In an analogous situation to Mayo, the Court seemed willing find that the claims would be patent eligible if there was an additional step that required a doctor who was performing the claimed method to act on the calculated risk. What the further act would need to be to confer patent eligibility was not discussed.
Implications for protection of diagnostic inventions
This decision is relevant to granted US patents, pending applications and applications in preparation as follows:
US patents: If there is the potential for the patent to be litigated then assess each claim to consider whether each meets the requirements set forth in Mayo v. Prometheus2 as follows:
Is the claim a method / process claim (i.e. a claim with a series of steps)?;
Does the claim recite a patent ineligible concept (i.e. law of nature, mental process, natural phenomena, abstract idea) that is a limiting feature of the claim?; and
Does the claim include additional elements or steps that are sufficient to ensure that the claim amounts to significantly more that the ineligible concept itself?
If not, you may need to consider whether the claims can be amended to address invalidity, or to consider enforcement of other patents in the relevant family that provide appropriate protection from a different claim language.
US applications: With your underlying commercial objective in mind, reassess the claims and consider whether you can achieve the same commercial result with different claim language. Consider amending the claims, without adding subject matter, to include additional limitations that better define the technical aspect of a particular step of the diagnostic method / process such as:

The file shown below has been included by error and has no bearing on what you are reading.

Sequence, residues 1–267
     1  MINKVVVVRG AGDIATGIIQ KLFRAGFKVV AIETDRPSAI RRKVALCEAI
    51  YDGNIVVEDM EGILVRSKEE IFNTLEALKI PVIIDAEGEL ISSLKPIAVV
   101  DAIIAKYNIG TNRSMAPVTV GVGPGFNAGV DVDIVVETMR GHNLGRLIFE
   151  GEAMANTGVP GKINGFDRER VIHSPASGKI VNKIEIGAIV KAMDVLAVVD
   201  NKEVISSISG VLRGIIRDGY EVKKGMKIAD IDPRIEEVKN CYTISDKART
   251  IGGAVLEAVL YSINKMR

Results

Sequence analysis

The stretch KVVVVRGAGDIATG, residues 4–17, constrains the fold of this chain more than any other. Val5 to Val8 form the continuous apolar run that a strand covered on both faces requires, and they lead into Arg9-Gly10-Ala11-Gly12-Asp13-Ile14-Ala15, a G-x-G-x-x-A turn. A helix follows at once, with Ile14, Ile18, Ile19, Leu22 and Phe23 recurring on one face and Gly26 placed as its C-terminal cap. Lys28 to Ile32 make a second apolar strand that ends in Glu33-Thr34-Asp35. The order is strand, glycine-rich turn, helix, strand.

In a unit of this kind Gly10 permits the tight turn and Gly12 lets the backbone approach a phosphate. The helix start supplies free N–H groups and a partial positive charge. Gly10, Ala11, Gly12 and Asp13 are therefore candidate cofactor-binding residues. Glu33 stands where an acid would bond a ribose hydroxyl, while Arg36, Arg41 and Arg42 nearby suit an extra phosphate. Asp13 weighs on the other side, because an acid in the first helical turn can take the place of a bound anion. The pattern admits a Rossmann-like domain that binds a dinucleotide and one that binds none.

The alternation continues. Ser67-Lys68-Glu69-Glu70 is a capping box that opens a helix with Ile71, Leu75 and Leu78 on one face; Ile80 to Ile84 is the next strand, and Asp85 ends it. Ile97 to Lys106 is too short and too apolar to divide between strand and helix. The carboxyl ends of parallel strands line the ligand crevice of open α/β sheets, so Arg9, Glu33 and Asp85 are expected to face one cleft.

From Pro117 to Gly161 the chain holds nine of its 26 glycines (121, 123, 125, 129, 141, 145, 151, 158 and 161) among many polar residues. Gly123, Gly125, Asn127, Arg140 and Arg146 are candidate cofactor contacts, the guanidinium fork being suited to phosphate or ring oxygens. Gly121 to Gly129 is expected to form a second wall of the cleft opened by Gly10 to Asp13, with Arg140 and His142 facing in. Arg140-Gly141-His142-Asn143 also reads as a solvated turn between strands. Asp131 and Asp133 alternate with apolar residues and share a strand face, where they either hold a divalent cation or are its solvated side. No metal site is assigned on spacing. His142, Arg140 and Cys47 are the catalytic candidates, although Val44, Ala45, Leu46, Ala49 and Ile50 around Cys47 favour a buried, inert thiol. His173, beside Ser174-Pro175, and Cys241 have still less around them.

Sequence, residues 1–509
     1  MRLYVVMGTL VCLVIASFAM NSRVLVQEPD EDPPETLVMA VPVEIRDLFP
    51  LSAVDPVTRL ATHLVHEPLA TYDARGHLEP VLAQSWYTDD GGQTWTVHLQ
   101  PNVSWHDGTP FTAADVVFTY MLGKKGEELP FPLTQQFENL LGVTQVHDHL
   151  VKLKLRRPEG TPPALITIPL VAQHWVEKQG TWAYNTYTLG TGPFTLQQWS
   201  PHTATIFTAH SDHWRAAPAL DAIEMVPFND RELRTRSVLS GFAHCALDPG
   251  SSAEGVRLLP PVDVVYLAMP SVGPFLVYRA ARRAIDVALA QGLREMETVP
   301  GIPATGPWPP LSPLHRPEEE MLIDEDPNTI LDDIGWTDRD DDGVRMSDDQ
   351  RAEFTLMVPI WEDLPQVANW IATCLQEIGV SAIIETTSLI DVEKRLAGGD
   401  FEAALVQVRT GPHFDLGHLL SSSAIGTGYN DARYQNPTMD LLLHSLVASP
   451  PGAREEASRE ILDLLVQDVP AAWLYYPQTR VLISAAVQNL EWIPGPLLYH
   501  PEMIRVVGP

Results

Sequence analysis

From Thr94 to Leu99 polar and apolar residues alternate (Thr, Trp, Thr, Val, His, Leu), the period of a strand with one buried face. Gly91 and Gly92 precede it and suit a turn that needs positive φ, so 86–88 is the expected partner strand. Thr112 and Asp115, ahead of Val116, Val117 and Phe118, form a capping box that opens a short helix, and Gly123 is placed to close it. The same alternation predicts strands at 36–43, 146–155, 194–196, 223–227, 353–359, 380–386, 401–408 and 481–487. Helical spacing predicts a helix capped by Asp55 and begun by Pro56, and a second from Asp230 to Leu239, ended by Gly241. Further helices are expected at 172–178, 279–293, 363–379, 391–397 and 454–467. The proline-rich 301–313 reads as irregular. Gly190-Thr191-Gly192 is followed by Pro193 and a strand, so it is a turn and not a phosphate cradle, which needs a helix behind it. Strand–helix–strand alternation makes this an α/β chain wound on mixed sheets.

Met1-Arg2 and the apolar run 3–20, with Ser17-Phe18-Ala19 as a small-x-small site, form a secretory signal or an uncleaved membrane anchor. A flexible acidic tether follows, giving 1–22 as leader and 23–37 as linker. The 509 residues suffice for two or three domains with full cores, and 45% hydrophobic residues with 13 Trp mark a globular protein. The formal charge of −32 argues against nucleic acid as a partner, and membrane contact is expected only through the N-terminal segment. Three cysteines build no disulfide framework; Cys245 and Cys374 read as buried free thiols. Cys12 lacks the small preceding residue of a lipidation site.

the type / format of assay;
the particular components of the assay, preferably novel, e.g. reagents, samples etc; and/or
the conditions in which the assay is carried out, e.g. temporal limitations etc.
Ultimately you are looking to limit the claims to something more than a natural principle and to something more than a well understood routine conventional activity previously engaged by scientists who work in the field.
Applications in preparation: Diagnostic method / process claims that are not allowable in the US may be granted in other jurisdictions. So applications in preparation should be drafted with broader embodiments, potentially including those that would not meet the 3 part test mentioned above, but that otherwise meet the eligibility criteria of the relevant jurisdiction.
In preparation for a US application filing, it would seem appropriate to:
include detailed explanation of all experimental / technical steps of the method / process;
where possible, minimise statements to the effect that any known experimental assays/protocols/techniques could be used in the diagnostic method / process;
consider whether a step of the method / process could be performed with a technique not previously used in the relevant field;
if there is a calculation step required it should be defined so that the calculation could not be performed by a human mind, e.g. the calculation must be performed by a computer programme; and
add versions of the diagnostic method / process that include a final step of administering a drug to treat the diagnosed disease, or that instruct a doctor or a pathologist to conduct additional diagnostic testing.
Ultimately the approach has to be based on a weighing of invalidity risk arising from a failure to meet the criteria established in Mayo against the other more common grounds of patent invalidity including obviousness and lack of enablement.
1. PerkinElmer, Inc. v. Intema Ltd., Appeal no. 2011-1577, (Fed. Cir. 2012)
2. Mayo Collaborative Services v Prometheus Labs., Inc. 132 S. Ct. 1289 (2012)